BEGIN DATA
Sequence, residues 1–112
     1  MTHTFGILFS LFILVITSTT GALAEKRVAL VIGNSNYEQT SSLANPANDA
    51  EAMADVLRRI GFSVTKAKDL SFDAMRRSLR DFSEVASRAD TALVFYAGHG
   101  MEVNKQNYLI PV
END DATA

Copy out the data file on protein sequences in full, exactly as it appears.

Sequence, residues 1–112
     1  MTHTFGILFS LFILVITSTT GALAEKRVAL VIGNSNYEQT SSLANPANDA
    51  EAMADVLRRI GFSVTKAKDL SFDAMRRSLR DFSEVASRAD TALVFYAGHG
   101  MEVNKQNYLI PV